Banks answer FX, legal catch-up calls in LatAm
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Banks answer FX, legal catch-up calls in LatAm

The sector has some catching up to do to meet the growing demands of corporate treasurers, both regional and international, who want to expand across Latin America’s varied markets.

Corporates looking to grow their businesses across Latin America have tricky foreign exchange and legal hurdles to jump. They need their banks to help them navigate their way across the continent, by bringing their FX services up to date, and helping the companies to operate within the differing and complex legal systems.

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The founding of the Pacific Alliance in 2011 brought together Chile, Colombia, Mexico and Peru to help the flow of trade and greater co-operation between those countries. Across Latin America and the Caribbean region it accounts for 38% of the total GDP and 50% of total trade flows. The region’s largest economies of Mexico and Brazil still dominate but trade patterns are evolving.

The increase in trade across Latin America is driving higher demand for transactions denominated in local currencies. For a region that has commonly used dollars to trade, a lot of work is needed to update payments and FX systems to meet the requirements.

“While trade remains very US dollar-based there is an increasing need for banks to enable corporates to pay or receive cash in their local currency,” says Jon Richman, Deutsche Bank’s head of trade finance and financial supply chain, Americas. “We are increasingly embedding FX into our trade finance solutions to accommodate this need of our clients, customers and suppliers.”

The demand for simpler cross-border payment capabilities has come relatively late to Latin America. Only in the last few years has there been any traction from corporates and consumers alike for easier methods to transfer FX between countries. The banks have been scrambling to implement solutions that will meet these needs.

This evolution is being helped by the arrival of new technology in a relatively under-developed continent. Banks can introduce systems that have worked in other regions and adapt them to this new market.

Deutsche Bank has increased its product suite to meet the demand for more robust FX capabilities. It launched the FX4Cash Receivables in the Americas, which allows corporates to invoice in 35 currencies and receive payment in their chosen currency. As well as reducing risk in FX, it has mitigated the need for corporates to hold multiple bank accounts. In turn, this has created costs and time efficiencies.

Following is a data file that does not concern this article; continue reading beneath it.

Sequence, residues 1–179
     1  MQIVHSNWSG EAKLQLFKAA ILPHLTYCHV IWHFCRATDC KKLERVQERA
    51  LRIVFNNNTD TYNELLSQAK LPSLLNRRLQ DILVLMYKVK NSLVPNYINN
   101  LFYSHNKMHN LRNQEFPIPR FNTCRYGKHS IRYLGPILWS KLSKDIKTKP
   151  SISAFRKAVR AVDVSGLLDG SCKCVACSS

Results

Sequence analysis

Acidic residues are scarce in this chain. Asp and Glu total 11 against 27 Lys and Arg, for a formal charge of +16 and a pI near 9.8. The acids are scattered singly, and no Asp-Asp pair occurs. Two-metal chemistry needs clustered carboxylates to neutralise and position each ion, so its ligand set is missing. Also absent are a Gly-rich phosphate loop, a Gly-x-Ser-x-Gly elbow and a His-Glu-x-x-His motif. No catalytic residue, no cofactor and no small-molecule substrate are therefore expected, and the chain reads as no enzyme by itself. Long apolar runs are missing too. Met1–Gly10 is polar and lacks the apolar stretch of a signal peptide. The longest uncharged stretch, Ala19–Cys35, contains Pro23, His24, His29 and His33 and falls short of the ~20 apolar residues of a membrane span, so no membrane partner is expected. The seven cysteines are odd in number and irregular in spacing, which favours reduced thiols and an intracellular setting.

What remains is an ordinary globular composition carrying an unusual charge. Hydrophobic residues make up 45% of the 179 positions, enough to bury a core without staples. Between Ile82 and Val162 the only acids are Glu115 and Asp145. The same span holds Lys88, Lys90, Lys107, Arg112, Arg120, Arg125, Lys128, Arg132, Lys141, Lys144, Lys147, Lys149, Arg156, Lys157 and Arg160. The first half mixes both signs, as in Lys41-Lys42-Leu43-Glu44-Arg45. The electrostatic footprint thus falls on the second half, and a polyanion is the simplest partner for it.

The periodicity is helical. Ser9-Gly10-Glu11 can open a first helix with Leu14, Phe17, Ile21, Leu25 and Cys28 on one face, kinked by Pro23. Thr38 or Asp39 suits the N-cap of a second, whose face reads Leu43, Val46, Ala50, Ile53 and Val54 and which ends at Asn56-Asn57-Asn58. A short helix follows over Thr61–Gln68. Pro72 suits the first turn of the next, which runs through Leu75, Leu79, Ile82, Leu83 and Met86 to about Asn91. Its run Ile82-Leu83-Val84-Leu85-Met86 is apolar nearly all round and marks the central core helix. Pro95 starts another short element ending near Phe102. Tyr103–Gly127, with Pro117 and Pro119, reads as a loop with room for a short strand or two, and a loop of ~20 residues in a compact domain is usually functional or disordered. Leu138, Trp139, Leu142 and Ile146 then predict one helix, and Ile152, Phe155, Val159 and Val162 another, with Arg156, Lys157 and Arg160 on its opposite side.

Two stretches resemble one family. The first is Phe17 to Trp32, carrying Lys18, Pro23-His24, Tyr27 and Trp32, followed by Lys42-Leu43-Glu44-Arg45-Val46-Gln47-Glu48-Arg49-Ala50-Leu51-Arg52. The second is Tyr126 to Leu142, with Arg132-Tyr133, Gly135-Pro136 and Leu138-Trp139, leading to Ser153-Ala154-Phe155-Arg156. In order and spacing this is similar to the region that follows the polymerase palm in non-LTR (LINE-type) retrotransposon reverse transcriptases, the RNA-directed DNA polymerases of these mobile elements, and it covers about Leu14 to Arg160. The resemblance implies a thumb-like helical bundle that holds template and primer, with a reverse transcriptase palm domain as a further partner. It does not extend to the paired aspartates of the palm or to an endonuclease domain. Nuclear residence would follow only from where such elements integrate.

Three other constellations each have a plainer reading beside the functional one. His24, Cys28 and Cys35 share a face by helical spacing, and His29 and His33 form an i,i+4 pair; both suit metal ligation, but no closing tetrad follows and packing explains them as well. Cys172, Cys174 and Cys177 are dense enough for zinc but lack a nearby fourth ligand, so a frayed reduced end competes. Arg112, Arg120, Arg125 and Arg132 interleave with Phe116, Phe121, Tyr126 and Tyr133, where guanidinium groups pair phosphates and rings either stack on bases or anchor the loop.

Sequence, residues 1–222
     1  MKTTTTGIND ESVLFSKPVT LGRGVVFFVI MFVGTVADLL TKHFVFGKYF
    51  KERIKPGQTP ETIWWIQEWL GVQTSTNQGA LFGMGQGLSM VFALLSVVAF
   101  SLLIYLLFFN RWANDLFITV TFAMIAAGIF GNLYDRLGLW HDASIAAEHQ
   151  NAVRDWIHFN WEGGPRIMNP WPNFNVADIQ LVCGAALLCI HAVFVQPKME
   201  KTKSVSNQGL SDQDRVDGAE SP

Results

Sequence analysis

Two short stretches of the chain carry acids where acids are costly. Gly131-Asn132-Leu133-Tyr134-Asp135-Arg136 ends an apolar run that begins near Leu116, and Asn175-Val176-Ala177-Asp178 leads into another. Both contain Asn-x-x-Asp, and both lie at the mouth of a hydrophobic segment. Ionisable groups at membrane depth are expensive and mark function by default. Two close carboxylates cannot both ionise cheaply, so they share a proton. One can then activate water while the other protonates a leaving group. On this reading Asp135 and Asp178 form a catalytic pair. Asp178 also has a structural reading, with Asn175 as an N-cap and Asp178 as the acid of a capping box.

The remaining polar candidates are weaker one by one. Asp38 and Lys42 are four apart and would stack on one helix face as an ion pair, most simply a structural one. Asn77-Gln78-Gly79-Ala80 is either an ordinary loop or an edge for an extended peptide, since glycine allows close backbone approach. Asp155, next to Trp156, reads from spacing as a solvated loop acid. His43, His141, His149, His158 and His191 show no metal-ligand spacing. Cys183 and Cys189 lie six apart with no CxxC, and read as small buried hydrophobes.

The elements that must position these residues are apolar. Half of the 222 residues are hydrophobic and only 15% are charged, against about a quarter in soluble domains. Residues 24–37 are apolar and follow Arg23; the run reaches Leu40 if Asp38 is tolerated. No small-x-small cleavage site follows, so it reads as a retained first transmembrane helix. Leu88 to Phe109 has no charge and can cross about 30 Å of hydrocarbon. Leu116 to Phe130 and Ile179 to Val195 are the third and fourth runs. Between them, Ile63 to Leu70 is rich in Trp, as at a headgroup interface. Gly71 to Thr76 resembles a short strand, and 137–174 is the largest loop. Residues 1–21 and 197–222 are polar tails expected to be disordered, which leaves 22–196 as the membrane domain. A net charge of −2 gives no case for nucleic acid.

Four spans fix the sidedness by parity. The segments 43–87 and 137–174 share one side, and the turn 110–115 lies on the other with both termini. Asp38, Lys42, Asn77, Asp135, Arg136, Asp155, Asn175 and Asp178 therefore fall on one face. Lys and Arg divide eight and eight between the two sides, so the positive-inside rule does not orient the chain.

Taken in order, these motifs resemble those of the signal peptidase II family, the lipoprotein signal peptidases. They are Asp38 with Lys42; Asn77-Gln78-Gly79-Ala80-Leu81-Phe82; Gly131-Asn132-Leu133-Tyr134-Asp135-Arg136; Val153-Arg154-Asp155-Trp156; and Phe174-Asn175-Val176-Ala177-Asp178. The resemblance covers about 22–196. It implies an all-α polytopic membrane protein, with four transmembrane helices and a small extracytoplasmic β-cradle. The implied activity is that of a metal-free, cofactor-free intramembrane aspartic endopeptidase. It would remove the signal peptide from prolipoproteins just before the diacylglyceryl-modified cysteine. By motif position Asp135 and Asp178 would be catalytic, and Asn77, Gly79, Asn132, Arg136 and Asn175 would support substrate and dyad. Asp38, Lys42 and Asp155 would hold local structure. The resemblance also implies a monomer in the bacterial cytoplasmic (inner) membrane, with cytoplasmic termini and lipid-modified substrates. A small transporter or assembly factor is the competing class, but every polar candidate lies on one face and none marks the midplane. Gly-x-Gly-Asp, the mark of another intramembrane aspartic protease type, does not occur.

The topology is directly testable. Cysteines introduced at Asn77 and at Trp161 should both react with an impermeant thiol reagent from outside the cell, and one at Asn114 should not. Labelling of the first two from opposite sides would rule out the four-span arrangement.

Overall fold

Bank of America Merrill Lynch (BAML) has harnessed the progress in technology to help develop its FX services by releasing digital signature capabilities for use in Brazil. Clients who need to give their approval on an FX contract can now give their consent electronically.

To create the digital signature capabilities, BAML had to take into account the specific legal framework in Brazil, while the whole region is notorious for the complexity of local laws. The differences in the legal structures across Latin American countries present big challenges to develop systems that will work beyond the confines of one border.

Dealing with different tax regimes also poses a difficult task. Corporates face federal, state and municipal taxes that vary between jurisdictions. Furthermore, there are business taxes related to property, vehicles, customs, social security and VAT.

“Latin America presents a high level of complexity for banks introducing products for global companies operating across the region,” says Steve Donovan, treasury and trade solutions head for Citi Latin America. “Each country has different regulations and market practices and the challenge is to create the connectivity among all countries for companies with centralized regional treasuries and shared service centres.”

Citi’s virtual accounts system in Mexico enables corporates to identify and to reconcile all deposits, regardless of the method in which they were made.


 Latin America presents a high level of complexity for banks introducing products for global companies operating across the region

Steve Donovan, Citi

The region’s companies are looking at how differences in tax laws and regulation in their home continent will affect their plans to move into new countries. Richman says: “Local corporates are becoming very international, with activities increasingly spanning all the major regions.” 

Juan Pablo Cuevas, head of global transaction services in Latin America at BAML, says the role of the banks is vital in giving their clients knowledge of wider markets. “Corporates are looking to their banks for experience and advice,” he says. “They want to know what are the regulations and what impact will they have?”

The bank needs to treat any relationship with a client as a partnership, he says. “Latin America has big populations and relevant markets. The corporates want to be able to centralise and concentrate their operations.”

The shift to a homogenised way of operating across the whole region has brought treasury practices into sharper focus. The growing sophistication has also attracted the attention of senior executives.

“Working capital has become an important measure of corporate operating efficiency and, as a result, trade and supply chain finance is capturing the attention of the C-level,” says Deutsche’s Richman.

“Many multinational companies started centralizing their payments function and initially established payments factories,” says Donovan. “They are now incorporating new functions including collections and some have set-up full regional treasury centres also managing the financing function centrally.”

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